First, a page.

Rainscreen Gaps and Igloos
A report from the 2013 Westford Symposium on Building Science
For the past 17 years, Joe Lstiburek and Betsy Pettit have hosted an annual conference, the Westford Symposium on Building Science, near their home in Massachusetts. Informally known as “summer camp,” the invitation-only gathering attracts hundreds of builders, engineers, architects, professors, and building science researchers.
The attendees listen to presentations at a conference center during the day and relax in Joe and Betsy’s backyard during the evening.
This year’s conference was held on August 5-7. Speakers included Michael Blasnik, Mike Steffan, Gary Klein, Kent Browning, Achilles Karagiozis, Chris Schumacher, Dave Ober, Joerg Birkelback, Marcy Tyler, Ed Retzbach, Andreas Holm, and Joe Lstiburek.
Covering familiar territory
If there were any devoted readers of GBAGreenBuildingAdvisor.com at the conference, they probably recognized the information provided at several of the summer camp presentations this year. At the Westford conference, Blasnik discussed the limitations of energy modeling software, a topic covered in a GBA blog published in March 2012. Blasnik also discussed bad energy retrofit advice, a topic which GBA has covered in at least three articles: A Plague of Bad Energy-Saving Tips, More Energy Myths, and How Not to Save Energy.
(The PowerPoint slides that Blasnik used in his presentation can be viewed by clicking one of the links at this Web page. The page also includes links to some of the other presentations from this year's Symposium.)
Gary Klein, a renowned expert on domestic hot water systems, discussed several ways to reduce the time required for hot water to travel from a water heater to a faucet. GBA has reported on Klein’s calculations and advice in several articles, including Inefficient Hot Water Piping Layouts Waste Hot Water and All About Water Heaters.
Joe Lstiburek’s presentation focused on his proposal that ASHRAE 62.2A standard for residential mechanical ventilation systems established by the American Society of Heating, Refrigerating, and Air-Conditioning Engineers. Among other requirements, the standard requires a home to have a mechanical ventilation system capable of ventilating at a rate of 1 cfm for every 100 square feet of occupiable space plus 7.5 cfm per occupant. be replaced with a new residential ventilation standard. His arguments were reported in a June 2013 GBA article, How Much Fresh Air Does Your Home Need? GBA’s follow-up articles on this topic include Resistance May NOT Be Futile in the Residential Ventilation Wars and An Interview with Dr. Joseph Lstiburek.
Lstiburek’s proposed new ventilation standard was published this week, and is available online: Ventilation for New Low-Rise Residential Buildings.
R-mageddon: The thermal metric project
Chris Schumacher and Dave Ober reported on research that is leading to the development of a new metric to replace R-value. (This year, Schumacher told the crowd that he wanted to call his presentation “R-mageddon.”) Much of the material presented by Schumacher and Ober was a reprise of presentations made at previous conferences. (To read GBA’s reports on these earlier presentations, see A Bold Attempt to Slay R-Value and Air Leakage Degrades the Thermal Performance of Walls.)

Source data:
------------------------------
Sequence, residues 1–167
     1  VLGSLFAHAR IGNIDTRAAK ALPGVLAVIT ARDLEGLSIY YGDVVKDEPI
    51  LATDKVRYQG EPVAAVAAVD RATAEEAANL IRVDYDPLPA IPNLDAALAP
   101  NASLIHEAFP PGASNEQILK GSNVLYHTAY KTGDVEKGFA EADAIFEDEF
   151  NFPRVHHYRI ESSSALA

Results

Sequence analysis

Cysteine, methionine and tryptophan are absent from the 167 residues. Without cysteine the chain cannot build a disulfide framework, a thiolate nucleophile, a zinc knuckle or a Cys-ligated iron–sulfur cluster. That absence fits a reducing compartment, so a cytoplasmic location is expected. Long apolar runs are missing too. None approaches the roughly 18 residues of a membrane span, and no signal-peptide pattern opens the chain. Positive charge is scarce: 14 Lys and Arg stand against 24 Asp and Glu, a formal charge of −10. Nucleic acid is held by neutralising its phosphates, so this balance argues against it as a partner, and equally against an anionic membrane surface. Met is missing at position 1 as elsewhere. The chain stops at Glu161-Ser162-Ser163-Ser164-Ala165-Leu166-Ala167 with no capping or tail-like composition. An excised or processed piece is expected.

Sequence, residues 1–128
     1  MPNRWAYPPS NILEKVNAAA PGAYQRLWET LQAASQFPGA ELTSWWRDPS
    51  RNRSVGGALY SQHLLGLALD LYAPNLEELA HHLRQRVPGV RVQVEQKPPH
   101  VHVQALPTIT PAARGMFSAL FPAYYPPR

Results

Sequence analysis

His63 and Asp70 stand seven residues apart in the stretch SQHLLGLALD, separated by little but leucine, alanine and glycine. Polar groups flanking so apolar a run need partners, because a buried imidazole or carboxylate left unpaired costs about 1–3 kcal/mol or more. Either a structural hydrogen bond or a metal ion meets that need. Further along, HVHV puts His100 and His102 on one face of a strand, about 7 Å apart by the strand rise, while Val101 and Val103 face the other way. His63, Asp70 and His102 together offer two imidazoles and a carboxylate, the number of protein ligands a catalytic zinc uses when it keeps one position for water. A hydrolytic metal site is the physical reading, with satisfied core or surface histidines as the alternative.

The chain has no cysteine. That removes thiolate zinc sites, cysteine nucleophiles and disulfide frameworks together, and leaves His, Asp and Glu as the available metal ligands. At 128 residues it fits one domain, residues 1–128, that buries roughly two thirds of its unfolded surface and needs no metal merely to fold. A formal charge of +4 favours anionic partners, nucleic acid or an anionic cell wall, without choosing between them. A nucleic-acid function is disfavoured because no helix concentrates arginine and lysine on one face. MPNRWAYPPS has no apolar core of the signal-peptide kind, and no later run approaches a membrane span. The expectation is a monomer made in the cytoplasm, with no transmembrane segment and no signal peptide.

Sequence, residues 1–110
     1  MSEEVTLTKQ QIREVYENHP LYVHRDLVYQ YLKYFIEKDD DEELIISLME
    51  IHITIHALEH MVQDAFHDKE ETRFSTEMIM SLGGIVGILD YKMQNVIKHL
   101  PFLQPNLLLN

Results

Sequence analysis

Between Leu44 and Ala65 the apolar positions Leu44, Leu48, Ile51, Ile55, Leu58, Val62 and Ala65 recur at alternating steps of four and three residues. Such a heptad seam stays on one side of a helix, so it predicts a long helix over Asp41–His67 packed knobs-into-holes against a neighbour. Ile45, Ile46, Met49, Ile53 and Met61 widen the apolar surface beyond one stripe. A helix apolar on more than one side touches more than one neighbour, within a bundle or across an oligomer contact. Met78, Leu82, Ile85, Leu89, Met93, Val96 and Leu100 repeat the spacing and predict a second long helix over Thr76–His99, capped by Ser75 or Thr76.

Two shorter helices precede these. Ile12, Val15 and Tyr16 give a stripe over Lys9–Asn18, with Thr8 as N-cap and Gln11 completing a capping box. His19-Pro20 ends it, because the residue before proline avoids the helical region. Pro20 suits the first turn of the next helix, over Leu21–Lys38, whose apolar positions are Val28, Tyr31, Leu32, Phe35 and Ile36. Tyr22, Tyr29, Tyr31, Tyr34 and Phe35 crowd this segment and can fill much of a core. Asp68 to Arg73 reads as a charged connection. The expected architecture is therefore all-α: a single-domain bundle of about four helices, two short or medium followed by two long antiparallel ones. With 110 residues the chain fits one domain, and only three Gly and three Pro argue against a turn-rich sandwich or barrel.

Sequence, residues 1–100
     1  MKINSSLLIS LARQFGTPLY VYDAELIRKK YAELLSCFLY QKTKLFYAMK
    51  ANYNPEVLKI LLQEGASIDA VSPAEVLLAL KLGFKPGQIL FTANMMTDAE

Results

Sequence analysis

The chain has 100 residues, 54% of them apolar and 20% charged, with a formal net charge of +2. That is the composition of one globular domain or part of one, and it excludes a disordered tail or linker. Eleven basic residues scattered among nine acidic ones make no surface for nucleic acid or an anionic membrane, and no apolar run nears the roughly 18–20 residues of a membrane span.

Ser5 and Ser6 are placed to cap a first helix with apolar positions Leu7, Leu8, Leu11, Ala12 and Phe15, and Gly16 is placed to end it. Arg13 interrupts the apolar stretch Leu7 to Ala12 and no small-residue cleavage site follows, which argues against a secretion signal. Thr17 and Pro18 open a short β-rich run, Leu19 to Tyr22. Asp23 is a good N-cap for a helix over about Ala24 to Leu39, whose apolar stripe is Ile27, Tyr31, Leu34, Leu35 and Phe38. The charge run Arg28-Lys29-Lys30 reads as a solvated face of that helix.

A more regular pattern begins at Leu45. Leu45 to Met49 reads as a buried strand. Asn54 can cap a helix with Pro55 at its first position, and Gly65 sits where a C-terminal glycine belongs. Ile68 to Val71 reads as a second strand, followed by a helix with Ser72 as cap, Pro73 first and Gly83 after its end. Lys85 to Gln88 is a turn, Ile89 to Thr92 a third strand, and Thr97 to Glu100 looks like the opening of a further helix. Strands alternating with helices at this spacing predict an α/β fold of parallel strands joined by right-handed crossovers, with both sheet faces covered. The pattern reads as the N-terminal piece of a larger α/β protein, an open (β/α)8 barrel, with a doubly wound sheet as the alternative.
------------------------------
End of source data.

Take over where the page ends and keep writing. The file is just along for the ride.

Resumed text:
As he did last year, Schumacher shared some bar graphs showing the effects of high temperatures and infiltration on the thermal performance of wall insulation. Schumacher’s colleague, Dave Ober, proposed several fairly complicated ways to replace R-value with a new metric that takes these factors into account. One proposal called for using a line graph to report the new metric. Another proposal called for reporting the new metric in a very large table listing different R-values for different cities; according to this proposal, the R-value (or perhaps the “Joe-value” or “Schumacher-value”) for a fiberglass batt would be different in Omaha than in Boston.
A new use for WUFI
Achilles Karagiozis is the director of building science at Owens Corning in Ohio. His presentation was a delight. He started out with an amusing scenario for an imaginary TV reality show, involving a helicopter crash in Alaska with only one survivor, Joe Lstiburek. The only tool that Joe had to help keep him alive at -51°F was a laptop loaded with WUFI software. Karagiozis explained how Joe could use WUFI to design an igloo, assuring his survival — and incidentally proving the usefulness of the oft-derided hygrothermalA term used to characterize the temperature (thermal) and moisture (hygro) conditions particularly with respect to climate, both indoors and out. modeling software that Karagiozis helped develop.
Once Karagiozis had completed his Alaskan fantasy, he discussed his efforts to model air flows through rainscreen gaps on walls. If there were any math-averse listeners present, they were probably having an anxiety attack. Karagiozis explained why it is difficult to model turbulent 3-D air flows; why air flow equations need a friction factor to account for roughness in laminar flow; how to calculate buoyancy pressures; when you need to consult Darcy-Weisbach equations; and when you need to perform a multivariate regression analysis.
If (like most of us) you have no interest in studying the Darcy-Weisbach equations, here’s all you need to know:
- The main driving factor for air movement through ventilated rainscreen gaps in walls is solar gain.
- Rainscreen gaps in walls are very effective at drying damp siding and sheathingMaterial, usually plywood or oriented strand board (OSB), but sometimes wooden boards, installed on the exterior of wall studs, rafters, or roof trusses; siding or roofing installed on the sheathing—sometimes over strapping to create a rainscreen. .
- Rainscreen gaps provide an important safety factor to handle the higher moisture loads in today’s high-R walls.